Movers and Shakers for March 22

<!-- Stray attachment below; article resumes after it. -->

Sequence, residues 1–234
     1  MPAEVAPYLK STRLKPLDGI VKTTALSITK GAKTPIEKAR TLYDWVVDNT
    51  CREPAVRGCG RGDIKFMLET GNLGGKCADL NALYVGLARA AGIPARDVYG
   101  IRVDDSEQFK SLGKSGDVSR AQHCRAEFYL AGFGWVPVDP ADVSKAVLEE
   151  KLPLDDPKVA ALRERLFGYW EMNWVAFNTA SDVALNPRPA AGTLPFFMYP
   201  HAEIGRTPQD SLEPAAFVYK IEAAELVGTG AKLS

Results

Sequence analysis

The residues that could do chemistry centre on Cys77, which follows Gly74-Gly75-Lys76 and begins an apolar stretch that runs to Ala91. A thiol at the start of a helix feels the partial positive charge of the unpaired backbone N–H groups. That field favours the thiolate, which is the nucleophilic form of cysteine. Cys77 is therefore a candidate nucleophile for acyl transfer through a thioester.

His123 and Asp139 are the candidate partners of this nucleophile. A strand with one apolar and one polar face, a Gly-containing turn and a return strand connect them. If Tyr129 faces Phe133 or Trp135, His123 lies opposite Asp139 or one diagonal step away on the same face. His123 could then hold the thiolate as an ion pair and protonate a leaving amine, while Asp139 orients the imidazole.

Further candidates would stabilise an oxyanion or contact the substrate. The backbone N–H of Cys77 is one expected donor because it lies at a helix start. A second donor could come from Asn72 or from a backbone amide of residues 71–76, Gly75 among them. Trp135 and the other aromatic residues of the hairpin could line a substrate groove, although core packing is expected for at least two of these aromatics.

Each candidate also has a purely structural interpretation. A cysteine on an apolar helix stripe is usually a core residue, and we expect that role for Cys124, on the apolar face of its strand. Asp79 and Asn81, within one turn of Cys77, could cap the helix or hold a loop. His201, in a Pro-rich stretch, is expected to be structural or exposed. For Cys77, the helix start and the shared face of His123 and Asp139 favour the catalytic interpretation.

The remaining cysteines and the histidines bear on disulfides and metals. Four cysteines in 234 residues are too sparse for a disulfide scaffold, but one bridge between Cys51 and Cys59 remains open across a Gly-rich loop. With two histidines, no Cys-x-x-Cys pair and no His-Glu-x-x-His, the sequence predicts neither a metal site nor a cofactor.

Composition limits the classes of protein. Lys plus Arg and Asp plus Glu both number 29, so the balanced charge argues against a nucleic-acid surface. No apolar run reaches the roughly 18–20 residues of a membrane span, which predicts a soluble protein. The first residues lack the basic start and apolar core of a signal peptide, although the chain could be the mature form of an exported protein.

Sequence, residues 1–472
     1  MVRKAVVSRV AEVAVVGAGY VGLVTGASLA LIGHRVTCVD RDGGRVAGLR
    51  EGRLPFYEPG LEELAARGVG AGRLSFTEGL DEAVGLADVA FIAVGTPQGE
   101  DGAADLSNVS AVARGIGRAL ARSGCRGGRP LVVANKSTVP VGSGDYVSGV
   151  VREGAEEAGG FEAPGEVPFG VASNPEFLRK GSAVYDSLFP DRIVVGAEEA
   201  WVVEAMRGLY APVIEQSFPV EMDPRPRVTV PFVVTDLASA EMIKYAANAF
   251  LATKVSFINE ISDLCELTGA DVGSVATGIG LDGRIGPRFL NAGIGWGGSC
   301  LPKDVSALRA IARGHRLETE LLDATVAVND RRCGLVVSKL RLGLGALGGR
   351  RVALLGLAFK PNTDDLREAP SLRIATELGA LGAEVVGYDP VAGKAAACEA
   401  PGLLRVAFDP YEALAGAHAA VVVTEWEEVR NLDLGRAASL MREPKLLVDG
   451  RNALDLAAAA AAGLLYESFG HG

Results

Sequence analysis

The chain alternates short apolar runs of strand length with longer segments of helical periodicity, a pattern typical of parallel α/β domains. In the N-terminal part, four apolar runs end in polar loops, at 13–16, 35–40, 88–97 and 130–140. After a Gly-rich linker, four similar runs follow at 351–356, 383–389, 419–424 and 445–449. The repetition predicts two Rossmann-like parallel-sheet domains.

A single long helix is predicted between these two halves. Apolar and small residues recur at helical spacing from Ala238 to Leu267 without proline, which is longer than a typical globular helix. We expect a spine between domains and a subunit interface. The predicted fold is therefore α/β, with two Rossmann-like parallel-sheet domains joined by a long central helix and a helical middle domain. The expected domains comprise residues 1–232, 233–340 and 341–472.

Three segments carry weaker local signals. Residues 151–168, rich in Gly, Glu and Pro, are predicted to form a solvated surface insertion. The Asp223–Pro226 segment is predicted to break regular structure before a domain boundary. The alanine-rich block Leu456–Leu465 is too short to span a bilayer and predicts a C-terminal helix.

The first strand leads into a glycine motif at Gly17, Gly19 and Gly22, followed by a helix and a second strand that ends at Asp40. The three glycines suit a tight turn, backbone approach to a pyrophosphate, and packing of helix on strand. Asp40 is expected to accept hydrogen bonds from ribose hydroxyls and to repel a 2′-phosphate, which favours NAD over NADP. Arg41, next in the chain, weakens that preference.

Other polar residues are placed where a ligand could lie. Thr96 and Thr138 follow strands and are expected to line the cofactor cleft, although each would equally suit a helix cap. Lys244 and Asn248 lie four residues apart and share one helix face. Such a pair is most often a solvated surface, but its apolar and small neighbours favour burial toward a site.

The Armed Services YMCA has honored Alaska USA Federal Credit Union chairman Bobby Alexander with its inaugural Civic Leader of the Year award. The Civic Leader of the Year award is given to individuals who have displayed outstanding dedication to bettering their community and an unwavering commitment to the armed forces. Alexander’s service to his country includes two tours in Vietnam with the 5th Special Forces Group, where he was selected as the noncommissioned officer in charge of the group’s financial section and responsible for more than 5,000 soldiers. During his time in the military, Alexander received numerous awards and commendations. After retiring from the U.S. Army, Alexander returned to serve in a civilian capacity as the deputy chief of staff for the Manpower and Force Management Division. Alexander has devoted more than 38 years of volunteer service to credit union boards and committees and has served on the Alaska USA Federal Credit Union board of directors since 1996. Northrim Bank announced the opening of a Loan Production Office in Kodiak and the hire of long-time Kodiak resident Mark Anderson as VP-commercial loan officer IV. Anderson joins Northrim Bank with 22 years of experience in the financial industry. He worked as a vice president and branch manager in Seward and Kodiak. Most recently, Anderson was the CFO for Brechan Construction in Kodiak since 2014. He has a bachelor’s degree from Bethel University in St. Paul, Minn. Anderson is on the board of directors for the Kodiak Community Foundation and is the current board chair for the Kodiak Island Borough Citizens Board of Equalization. The Kodiak Loan Production Office opened March 2 and is located at 2011 Mill Bay Road adjacent to Northrim subsidiary Residential Mortgage. Bering Straits Native Corp. announced the promotion of Jørg Jensen to director of operations. Jensen joined BSNC in 2015 and has more than 20 years of operational and management experience managing multi-million dollar programs in government and corporate sectors within the United States and abroad. Jensen was born and raised in Alaska and after graduating from the United States Military Academy, he served in Southwest Asia as an Army officer. Jensen formerly served as program manager and engineer for Raytheon, for whom he led international teams in Saudi Arabia, Iraq and South Korea. He earned an MBA from the University of Liverpool and a bachelor’s degree in management and system engineering from the United States Military Academy West Point. First National Bank Alaska hired Laura Asgari as a management officer and wealth management officer. She will be based out of corporate headquarters in Anchorage. Asgari is an alumna of the American College of Financial Services, a Retirement Income Certified Professional and a Wealth Management Certified Professional. She has worked in finance and financial advising for more than 30 years.